Lin Zhijie (Taiwan): Traditional Martial Arts Are All Encompassing and Endless
NTD Television, May 2, 2016––Traditional Chinese martial arts, or Wushu, include both internal fist styles and external fist styles. Styles such as Tai Chi, Ba Gua and Xing Yi all belong to the internal fist styles, while Nan Quan (Southern Fist), Shaolin, Tong Bei and Praying Mantis belong to the external fist styles. Various weapons, such as the Sword, Broadsword, Spear and Staff are used in the practice of both internal and external styles.
Lin Zhijie, curator of Xinwumen Kung Fu College in Taiwan, participated in NTD Television’s inaugural International Chinese Traditional Martial Arts Competition in 2008. He believes that traditional martial arts are all encompassing, and no matter how you learn them, you will never be able to learn them all.
The footsteps are steady and the force is ample. Lin Zhijie demonstrates the Jinying (Golden Eagle) fist, which is from the Nan Quan (Southern Fist) style, for the audience.
[Lin Zhijie, curator of the Xinwumen Kung Fu College]:
“I really like Golden Eagle Fist. Although its sequence of movements is not very complicated–it won’t be very complicated, it is simple. But amid the simplicity, the offensive and defensive awareness is very intense.”
“Like this capture grasp, I think that with Eagle claw you can practice how to grab and lock. I think this movement is actually very useful in many self-defense actions.”
Lin Zhijie, director of the Xinwumen Kung Fu College, tells his students:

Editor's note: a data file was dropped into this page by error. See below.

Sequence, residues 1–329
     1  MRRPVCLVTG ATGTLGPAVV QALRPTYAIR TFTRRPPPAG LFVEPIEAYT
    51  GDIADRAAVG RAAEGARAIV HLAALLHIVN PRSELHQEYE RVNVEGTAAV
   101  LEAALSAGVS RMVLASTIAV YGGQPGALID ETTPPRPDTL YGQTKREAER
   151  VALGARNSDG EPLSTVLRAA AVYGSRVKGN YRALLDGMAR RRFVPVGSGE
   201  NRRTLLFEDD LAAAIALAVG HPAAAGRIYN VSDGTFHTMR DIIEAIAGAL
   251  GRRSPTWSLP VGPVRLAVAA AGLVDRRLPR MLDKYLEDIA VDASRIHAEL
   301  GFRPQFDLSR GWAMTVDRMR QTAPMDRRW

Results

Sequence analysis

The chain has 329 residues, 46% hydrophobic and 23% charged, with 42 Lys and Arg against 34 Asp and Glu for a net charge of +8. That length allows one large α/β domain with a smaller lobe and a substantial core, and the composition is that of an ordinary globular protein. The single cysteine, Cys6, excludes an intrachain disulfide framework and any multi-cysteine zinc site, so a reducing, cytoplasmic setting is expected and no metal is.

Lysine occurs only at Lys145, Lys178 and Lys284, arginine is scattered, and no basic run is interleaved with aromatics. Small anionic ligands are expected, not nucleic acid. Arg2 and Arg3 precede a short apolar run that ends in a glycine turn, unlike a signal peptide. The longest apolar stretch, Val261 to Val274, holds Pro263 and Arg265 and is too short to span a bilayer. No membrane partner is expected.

“Yes, it’s good to come one-by-one; very good, don’t worry.”
Leading the children to rehearse the martial arts sequences they will demonstrate, Lin Zhijie himself began practicing traditional martial arts at the age of eight. He is now curator of the Kung Fu College, and martial arts have been his career for decades.
“Traditional martial arts, Southern Fist, Northern Fist, internal fist styles, swords, short weapons, long weapons, miscellaneous weapons, etc., they encompass many kinds; so I prefer traditional sequences of movements, because they are all-inclusive. There are so many styles; so no matter how you learn, you will never finish learning. I like traditional martial arts very much. It gives me a feeling that the learning is limitless.”
Lin Zhijie says empathetically that martial arts virtue (wude) is more important than a martial artist’s skills.
“The true value of martial arts lies in the cultivation of one’s moral character. Therefore, the education model I am now implementing in the college has martial arts etiquette and modesty. What we learn is of a higher level, so we should be even more polite and modest.”
In 2008, he participated in the preliminaries of NTD Television’s International Chinese Martial Arts Competition in the Asia-Pacific region, and won three championships in the Northern Fist, the Southern Fist and the Long Weapons categories. During the finals in the United States, he won the silver medal in the Male Weapons division.
Lin Zhijie said much careful attention was put into NTD’s International Chinese Martial Arts Competition, and during the competition practically everyone present fell silent to watch the sequences of the contestants on the floor. This left him with a deep impression.
“You felt that many people were paying close attention to the tournament, so as a contestant you felt that, wow, it is a very honorable thing, and it makes you feel good. It was a very happy feeling.”
Lin Zhijie invites everyone to help promote martial arts and meet fellow martial artists at NTD’s 5th International Chinese Martial Arts Competition.
“Hello everyone, I am Lin Zhijie from Xinwumen. I sincerely welcome everyone’s participation in the International Chinese Martial Arts Competition hosted by NTD Television. I also offer my best wishes for a successful competition and hope that everyone can come and meet fellow martial artists and pass these martial arts on to the next generation together.”